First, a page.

German centrist parties humiliated in Thuringia election
The far-left Die Linke has beaten the far-right Alternative for Deutschland (AfD) in Sunday’s regional election in Thuringia, eastern Germany, both overtaking the centrist Christian Democrats (CDU), Greens, Liberals and Social Democrats (SPD).
The election saw a turnout of 66 per cent, compared to less than 53 per cent in 2014.
Securing 30 per cent support, Die Linke’s popular regional leader Bodo Ramelow is set to retain power if he can find a coalition partner. His existing coalition with the Social Democrats and the Greens no longer forms a majority.
Ramelow, 63, is one of the most popular politicians in Germany with an approval rating of 62 per cent.
The AfD more than doubled its support to about 23 per cent of the vote. It achieved similar gains last month in state elections in nearby Saxony and Brandenburg. The populist AfD’s Thuringia leader Björn Höcke, 47, leads the party’s hard-right faction and is under investigation by Germany’s intelligence agency.
Höcke, a history teacher, compared the AfD’s successes to Die Wende, the popular uprising against East German communism. “Today the Thuringians backed Die Wende 2.0,” he told cheering supporters.
“They refused to let themselves be influenced by hatred and rabble-rousing. Not once in the history of the federal republic has a single party and a single individual been as defamed as we have.”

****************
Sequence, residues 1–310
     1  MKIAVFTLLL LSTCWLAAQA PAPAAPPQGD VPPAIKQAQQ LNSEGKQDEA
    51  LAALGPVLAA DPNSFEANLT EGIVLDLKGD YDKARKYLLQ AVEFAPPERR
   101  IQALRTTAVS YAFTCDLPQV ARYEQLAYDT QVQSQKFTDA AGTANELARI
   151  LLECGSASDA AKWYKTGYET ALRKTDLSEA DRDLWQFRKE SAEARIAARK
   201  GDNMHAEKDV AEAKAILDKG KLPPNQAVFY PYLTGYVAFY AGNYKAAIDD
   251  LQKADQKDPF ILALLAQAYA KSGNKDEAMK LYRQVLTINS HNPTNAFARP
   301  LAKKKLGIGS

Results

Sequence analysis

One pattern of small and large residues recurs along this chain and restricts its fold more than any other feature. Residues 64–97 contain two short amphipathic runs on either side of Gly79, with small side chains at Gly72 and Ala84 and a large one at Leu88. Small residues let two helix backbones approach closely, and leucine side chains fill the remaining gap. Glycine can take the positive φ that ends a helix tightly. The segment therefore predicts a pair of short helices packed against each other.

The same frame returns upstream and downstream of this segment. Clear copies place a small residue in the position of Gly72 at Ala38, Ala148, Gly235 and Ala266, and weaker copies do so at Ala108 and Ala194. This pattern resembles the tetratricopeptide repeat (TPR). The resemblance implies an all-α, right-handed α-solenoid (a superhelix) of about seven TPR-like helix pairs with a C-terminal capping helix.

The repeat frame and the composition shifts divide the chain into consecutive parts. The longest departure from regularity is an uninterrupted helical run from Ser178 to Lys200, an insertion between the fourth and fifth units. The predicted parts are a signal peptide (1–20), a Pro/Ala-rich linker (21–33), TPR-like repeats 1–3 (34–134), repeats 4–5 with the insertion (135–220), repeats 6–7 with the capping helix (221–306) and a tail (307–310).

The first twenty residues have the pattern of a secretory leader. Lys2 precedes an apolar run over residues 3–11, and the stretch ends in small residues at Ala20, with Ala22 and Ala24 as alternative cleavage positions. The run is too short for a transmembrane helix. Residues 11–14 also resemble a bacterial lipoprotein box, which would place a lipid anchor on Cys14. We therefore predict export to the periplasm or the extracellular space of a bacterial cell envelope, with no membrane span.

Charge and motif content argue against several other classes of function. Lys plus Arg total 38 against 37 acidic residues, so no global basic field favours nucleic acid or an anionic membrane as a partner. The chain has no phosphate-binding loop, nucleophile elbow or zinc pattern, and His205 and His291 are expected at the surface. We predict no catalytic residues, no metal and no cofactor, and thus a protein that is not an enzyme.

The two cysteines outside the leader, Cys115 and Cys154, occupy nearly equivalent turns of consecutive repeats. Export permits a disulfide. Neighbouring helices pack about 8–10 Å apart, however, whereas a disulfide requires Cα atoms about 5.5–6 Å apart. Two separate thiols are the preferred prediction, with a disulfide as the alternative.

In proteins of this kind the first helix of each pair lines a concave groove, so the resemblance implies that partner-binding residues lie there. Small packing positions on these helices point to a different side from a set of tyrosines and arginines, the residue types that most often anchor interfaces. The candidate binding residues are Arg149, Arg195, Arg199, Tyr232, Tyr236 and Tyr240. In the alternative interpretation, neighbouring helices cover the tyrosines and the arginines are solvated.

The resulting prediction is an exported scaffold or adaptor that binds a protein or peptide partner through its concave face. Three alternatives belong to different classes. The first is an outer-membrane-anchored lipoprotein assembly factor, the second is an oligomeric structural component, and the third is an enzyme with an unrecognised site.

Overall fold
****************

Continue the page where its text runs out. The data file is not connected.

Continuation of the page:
Die Linke is only slightly less threatening to the established parties.
During the campaign, the CDU leader Annegret Kramp-Karrenbauer, 57, portrayed Linke as a socialist counterpart to the AfD.
The CDU, which had come top in every previous election in Thuringia since unification in 1990, slumped to 22 per cent of the vote. The SPD performance declined to 8.2 per cent, barely above the threshold required for representation in the state parliament.
Reiner Haseloff, the CDU’s chief minister in Saxony-Anhalt, told ZDF: “This is the first time at a state election that there has been no majority for the parties of the centre.”
Charlotte Knobloch, 86, a Holocaust survivor, said the vote for the AfD pointed to the “erosion of democratic culture”. “When this kind of party is so successful, something in the political system has fundamentally gone off the rails,” added the former president of the Central Council of Jews in Germany.
Picture credit: IHA